Davide Pastore wrote:However at some later time Rommel has to move and try to break through the next obstacle, El Alamein. I see no point in just staying there waiting for the British to build up their force and strike back.
Yes, but the British didn't intend to withdraw all the way to El Alamein, they only did so because Rommel bounced them off Mersa Matruh. If there's a next battle, it will involve strong British forces anchored around that position, not El Alamein. How strong depends on the date.
Davide Pastore wrote:Have you already covered this topic in some forum discussion?
This thread from the Usenet WWII group 3 years ago has a good outline of the argument,http://groups.google.fr/group/soc.histo ... 20e00e415d
This thread also has some, though the discussion is somewhat polluted by other considerations.viewtopic.php?f=56&t=102636&st=0&sk=t&sd=a
Essentially, the argument is that
1/ The figures for tonnage offloaded prove conclusively that the port capacity figures provided by Cocchia and quoted by Van Creveld (whom everyone else quoted from then on) are demonstrably conservative. You already have the relevant figures, and can judge for yourself, so the Axis could have shipped a lot more to North Africa.
2/ Malta was a key part of Axis logistical troubles in North Africa, because in addition to the direct losses (and bear in mind that this was prime-quality shipping loaded with expensive equipment, not an old English tramper sunk while carrying sheepskins to Belfast) it forced the Regia Marina in a very inefficient and expensive patter of operations. Escorted convoys (read: poor port efficiency, huge fuel consumption), sending ships half-loaded so as to minimize equipment losses and maximize discharge rate, plus the need to devote large forces just to keeping Malta down.
Remove Malta and the assets historically used to keep it down become available again. The Axis can use shipping in a more efficient manner that will make better use of existing port capacity. But I suggest that this discussion take place in the proper thread.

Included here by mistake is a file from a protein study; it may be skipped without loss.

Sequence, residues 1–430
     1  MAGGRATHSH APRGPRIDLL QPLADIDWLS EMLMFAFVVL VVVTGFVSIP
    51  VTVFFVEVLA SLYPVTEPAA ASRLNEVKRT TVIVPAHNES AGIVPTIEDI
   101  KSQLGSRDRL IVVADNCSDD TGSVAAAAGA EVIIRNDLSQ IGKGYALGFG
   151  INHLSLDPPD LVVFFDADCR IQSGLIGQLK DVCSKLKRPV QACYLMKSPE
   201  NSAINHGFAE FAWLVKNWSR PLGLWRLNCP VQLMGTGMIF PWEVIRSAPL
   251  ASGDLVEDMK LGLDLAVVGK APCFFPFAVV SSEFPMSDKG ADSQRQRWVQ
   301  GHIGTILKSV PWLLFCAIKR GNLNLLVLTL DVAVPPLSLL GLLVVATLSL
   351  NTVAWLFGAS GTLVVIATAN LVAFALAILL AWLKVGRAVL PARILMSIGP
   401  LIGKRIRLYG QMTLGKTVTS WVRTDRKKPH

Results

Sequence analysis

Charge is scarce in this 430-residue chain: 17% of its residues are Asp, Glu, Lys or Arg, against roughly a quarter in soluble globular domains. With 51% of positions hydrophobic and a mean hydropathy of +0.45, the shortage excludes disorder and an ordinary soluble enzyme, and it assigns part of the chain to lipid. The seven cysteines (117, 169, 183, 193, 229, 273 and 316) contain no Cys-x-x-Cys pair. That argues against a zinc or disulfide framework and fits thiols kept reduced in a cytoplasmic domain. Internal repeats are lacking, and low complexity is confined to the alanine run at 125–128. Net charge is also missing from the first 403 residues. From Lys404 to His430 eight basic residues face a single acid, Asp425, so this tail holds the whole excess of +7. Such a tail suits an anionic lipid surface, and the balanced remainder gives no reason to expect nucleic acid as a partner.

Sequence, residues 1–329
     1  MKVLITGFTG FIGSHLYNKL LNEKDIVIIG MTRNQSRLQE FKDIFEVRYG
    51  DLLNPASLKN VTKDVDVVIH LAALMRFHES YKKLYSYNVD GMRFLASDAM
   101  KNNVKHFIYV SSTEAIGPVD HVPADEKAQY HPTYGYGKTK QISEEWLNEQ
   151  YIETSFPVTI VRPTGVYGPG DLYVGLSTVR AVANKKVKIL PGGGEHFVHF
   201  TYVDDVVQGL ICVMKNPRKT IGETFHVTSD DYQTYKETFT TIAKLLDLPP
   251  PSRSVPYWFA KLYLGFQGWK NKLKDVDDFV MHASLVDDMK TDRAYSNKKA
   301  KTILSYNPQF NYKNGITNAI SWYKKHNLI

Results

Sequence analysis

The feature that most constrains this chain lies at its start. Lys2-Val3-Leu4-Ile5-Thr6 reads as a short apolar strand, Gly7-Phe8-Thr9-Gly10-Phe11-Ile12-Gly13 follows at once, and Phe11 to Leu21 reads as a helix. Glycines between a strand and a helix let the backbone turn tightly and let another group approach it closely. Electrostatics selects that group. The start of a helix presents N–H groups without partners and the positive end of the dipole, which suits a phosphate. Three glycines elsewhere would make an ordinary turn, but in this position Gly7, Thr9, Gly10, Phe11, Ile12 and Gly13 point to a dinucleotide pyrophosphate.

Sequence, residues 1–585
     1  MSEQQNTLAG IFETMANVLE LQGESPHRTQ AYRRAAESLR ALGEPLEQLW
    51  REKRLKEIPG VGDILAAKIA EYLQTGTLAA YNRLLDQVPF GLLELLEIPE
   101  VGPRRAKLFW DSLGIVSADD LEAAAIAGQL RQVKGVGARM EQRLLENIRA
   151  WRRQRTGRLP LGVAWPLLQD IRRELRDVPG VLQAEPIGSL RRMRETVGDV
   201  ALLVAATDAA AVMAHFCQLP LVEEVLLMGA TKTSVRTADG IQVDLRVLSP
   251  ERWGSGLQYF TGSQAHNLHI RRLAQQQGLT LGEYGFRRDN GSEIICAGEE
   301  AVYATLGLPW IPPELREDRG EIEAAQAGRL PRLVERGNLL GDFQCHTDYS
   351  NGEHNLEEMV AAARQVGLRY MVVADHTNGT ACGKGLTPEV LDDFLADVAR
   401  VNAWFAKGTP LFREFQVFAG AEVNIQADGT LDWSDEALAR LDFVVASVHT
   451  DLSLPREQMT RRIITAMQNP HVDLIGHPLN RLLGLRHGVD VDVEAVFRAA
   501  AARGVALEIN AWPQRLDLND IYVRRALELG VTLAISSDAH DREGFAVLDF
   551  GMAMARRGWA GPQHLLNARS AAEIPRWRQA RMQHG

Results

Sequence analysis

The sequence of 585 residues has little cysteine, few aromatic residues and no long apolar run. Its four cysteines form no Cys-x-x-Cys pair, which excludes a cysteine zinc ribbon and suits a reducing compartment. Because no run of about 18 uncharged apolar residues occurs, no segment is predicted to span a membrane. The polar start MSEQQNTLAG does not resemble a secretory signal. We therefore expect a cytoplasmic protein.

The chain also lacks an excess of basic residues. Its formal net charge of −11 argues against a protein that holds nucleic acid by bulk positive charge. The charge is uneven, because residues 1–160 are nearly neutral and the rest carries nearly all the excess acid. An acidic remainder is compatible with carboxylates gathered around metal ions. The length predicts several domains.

Davide Pastore wrote:Any discussion about C3 has to have as premise a successfull air campaign (in the same way as any discussion about Seelowe) otherwise it wil never take place.
Sure, so this leaves us with 3 scenarios assuming Rommel agrees not to pursue 8th Army all the way to Egypt (more likely: Rommel is in hospital for some reason so Kesselring gets to make the decision):
1. The campaign kicks off very early, Malta is suppressed before significant reinforcements make it there, invasion takes place.
2. The campaign starts a bit later, some reinforcements have already arrived so the air campaign to suppress the island takes longer (the good news is this offers the opportunity to defeat follow-up reinforcements piecemeal) or alternately the Axis decides to launch C3 with air superiority but not air supremacy.
3. It is still later, or the campaign isn't doing well (e.g. because some of the fighters were initially retained in Libya to provide protection over Tobruk against RAF attacks), the campaign drags into August by which time Parks' substantial reinforcements - and the expectation of still more to come - make the whole thing impracticable, the Axis eventually calls it off. Battle of Britain II.
There are mentions of the air battles in the usual works, which I'm sure you're already aware of, so doubtless you can piece the dates together more quickly than if I tried it by memory, alternately I can look up a more detailed chronology, but my point here is that the clock is definitely ticking and there will be a point after which a successful C3 will no longer be in the cards.
This is more realistic a situation than Seelöwe, because the Luftwaffe never actually was in a position to defeat the RAF over its home turf, but there are still limits. You can't just decide that the Axis has air superiority, period, and now let's pick a date for that to happen.